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Women in western Tanzania benefit from dairy farming

ARUSHA, Tanzania (Xinhua) -- Consolata Andrew is one of many women who have ventured into a dairy farming in Isagehe ward of Kahama, one of the eight districts in Tanzania’s Lake Zone region of Shinyanga.

Andrew is a mother of five in the area, one of the booming areas in Lake Zone because of the presence of minerals, mainly gold, which attract a lot of immigrants from within and outside the region.

This is what made rural communities around the Kahama township to venture into a number of socioeconomic projects including dairy farming.

In this aspect, there are many women in Isagehe ward like Andrew who have started benefiting out of the dairy farming as a result of reliable market.

Before venturing into modern dairy farming, women in the area used to live miserable lives, but now things have changed to the better, thanks to the initiatives made by charity organization World Vision Tanzania (WVT) which provided of improved dairy cattle to the needy people in the area under the “pass-on scheme”.

At its onset, selected rural communities were trained on artificial insemination technology. The move increased the number of improved dairy cattle in the area where people used to raise indigenous cattle which have proved to be ineffective in milk production.

After the project kicked off, farmers witnessed a hike of milk production in the area, to the extent that they end up at a “throw- away” price.

“We used to sell the milk to the middlemen who took our product and sell to as far as Kahama town and Shinyanga for high and better profit compared to what we were getting,” says Andrew.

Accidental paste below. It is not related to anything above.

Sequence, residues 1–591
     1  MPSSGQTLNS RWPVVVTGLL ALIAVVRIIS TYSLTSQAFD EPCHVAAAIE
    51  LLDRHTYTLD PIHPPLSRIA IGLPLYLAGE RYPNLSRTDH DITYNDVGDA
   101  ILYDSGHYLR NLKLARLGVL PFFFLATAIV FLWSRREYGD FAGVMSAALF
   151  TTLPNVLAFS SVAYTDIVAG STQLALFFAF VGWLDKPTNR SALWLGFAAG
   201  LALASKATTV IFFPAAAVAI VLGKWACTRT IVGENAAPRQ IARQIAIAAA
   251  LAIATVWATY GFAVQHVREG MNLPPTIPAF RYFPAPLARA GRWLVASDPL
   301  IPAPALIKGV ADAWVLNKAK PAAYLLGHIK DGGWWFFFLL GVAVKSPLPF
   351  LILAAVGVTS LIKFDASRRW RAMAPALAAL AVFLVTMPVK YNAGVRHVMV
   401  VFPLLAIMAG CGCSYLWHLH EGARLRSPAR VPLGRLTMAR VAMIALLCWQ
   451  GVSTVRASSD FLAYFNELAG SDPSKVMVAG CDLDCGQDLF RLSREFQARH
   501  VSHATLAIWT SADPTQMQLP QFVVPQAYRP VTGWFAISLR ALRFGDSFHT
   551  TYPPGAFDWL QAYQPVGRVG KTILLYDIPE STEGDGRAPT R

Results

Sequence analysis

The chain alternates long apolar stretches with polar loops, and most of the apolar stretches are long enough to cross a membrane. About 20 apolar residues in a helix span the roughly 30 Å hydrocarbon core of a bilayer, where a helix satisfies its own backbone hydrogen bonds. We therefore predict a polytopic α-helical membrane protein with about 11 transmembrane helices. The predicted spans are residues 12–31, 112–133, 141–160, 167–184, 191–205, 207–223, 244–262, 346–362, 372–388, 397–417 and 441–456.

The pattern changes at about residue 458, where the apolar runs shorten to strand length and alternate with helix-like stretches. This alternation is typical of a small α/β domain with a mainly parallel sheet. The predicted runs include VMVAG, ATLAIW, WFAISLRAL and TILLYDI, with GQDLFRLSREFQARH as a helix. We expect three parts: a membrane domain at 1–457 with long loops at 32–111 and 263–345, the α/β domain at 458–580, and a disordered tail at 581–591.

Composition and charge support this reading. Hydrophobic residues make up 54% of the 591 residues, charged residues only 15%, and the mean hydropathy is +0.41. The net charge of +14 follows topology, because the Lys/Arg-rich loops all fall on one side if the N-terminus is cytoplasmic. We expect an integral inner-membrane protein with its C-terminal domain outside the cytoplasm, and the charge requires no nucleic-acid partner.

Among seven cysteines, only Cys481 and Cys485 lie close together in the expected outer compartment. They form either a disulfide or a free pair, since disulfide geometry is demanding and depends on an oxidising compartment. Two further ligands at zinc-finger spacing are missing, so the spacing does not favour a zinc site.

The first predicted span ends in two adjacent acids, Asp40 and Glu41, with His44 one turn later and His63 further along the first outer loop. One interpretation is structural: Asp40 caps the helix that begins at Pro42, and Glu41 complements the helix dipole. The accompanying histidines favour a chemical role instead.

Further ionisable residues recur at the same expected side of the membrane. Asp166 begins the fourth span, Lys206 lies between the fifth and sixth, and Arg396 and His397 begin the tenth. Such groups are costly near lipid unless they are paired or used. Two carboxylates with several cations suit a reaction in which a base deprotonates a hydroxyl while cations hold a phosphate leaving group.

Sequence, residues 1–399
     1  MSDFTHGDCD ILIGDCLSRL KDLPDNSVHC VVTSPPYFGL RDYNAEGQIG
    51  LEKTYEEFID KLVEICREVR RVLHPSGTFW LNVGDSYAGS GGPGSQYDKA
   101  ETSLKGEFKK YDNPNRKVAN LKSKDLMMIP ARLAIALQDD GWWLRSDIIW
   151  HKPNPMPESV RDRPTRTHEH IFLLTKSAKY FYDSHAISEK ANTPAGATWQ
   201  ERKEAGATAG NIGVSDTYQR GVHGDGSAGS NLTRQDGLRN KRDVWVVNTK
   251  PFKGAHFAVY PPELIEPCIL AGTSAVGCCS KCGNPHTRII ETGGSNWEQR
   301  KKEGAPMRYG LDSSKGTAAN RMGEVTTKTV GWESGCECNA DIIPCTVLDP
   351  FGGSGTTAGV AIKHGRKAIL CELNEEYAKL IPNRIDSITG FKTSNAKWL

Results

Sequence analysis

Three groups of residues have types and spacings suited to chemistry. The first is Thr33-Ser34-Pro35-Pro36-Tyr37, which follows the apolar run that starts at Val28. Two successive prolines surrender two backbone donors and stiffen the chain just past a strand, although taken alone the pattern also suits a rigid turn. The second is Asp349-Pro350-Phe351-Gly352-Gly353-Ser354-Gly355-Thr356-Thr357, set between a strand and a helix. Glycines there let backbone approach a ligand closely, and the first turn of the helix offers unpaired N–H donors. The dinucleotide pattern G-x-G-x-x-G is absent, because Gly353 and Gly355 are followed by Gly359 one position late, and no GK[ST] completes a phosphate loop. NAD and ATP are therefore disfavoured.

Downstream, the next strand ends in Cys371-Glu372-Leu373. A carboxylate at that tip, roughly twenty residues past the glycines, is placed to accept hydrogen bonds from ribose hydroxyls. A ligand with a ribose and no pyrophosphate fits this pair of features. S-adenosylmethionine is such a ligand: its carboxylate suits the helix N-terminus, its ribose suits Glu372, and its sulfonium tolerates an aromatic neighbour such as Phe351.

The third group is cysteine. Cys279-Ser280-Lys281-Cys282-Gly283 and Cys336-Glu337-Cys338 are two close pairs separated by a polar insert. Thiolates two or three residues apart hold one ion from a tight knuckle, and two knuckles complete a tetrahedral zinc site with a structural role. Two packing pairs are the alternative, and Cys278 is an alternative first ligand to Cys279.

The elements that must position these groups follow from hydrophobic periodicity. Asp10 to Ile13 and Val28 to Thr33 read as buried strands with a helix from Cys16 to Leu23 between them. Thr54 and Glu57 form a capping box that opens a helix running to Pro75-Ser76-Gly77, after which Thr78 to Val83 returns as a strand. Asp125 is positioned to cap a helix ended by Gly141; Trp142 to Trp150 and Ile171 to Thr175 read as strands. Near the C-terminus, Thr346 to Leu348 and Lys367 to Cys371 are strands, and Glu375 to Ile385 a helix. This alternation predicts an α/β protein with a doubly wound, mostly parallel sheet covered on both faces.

Dairy cattle farmers in Isagehe had to scrutinize on ways of getting out of the poverty trap and finally they decided to form a group which is known as Isagehe Dairy Cattle Keepers Association.

“We tried to look for the reliable market in Kahama town and neighboring areas. But, things remained tough as our product wasn’ t processed,” she says, adding that later the group approached WVT again to look for support on the need for them to have a small- scale milk processing plant.

“As farmers, we are happy now as we have got the plant and we are assured of the market as we can sell our milk in distant areas as far as Mwanza,” she says.

“Before getting the plant we were able to process only 50 liters a day, but after getting this new plant we are able to process more than 500 liters a day,” says Msafiri Selemani, another member of the group.

“All supermarkets around are full of our milk products. I am proud to be a member of the group,” says Rose Kasubi who owns two dairy cows.

She says she gets 20 liters of milk every day and sells at 800 Tanzanian shillings (0.4 U.S. dollars) per liter, compared to 400 Tanzanian shillings (0.2 U.S. dollars) she used to sell before.

So, for her she earns around 260 U.S. dollars per month, something which is a good opportunities for rural communities in the area.

Before venturing into the project, Kasubi used to live in a grass-thatched house, but now she is living in a corrugated iron sheet roofed house.

The money she gets from the venture is used to pay school fees for her children and meeting the family needs, she says. “My children are also free from malnutrition as everyday they get a cup of milk. All these are the benefits of this farming venture.”

Chairman of the group Enoka Bunagana describes milk as a “white gold” and dairy farming is an investment option for rural communities.

Bunagana says his association has been grappling towards improving milk products.

“We are struggling to certify our product with Tanzania Bureau of Standards barcode so that we can expand our market horizon to as far as neighboring countries,” he says, adding that getting own barcode is a big step towards improving the business environment and getting rid of the inconveniences that businesses face.

The barcode technology enables consumers to know the country of origin, production system, product traceability as well as quality and safety of the product.



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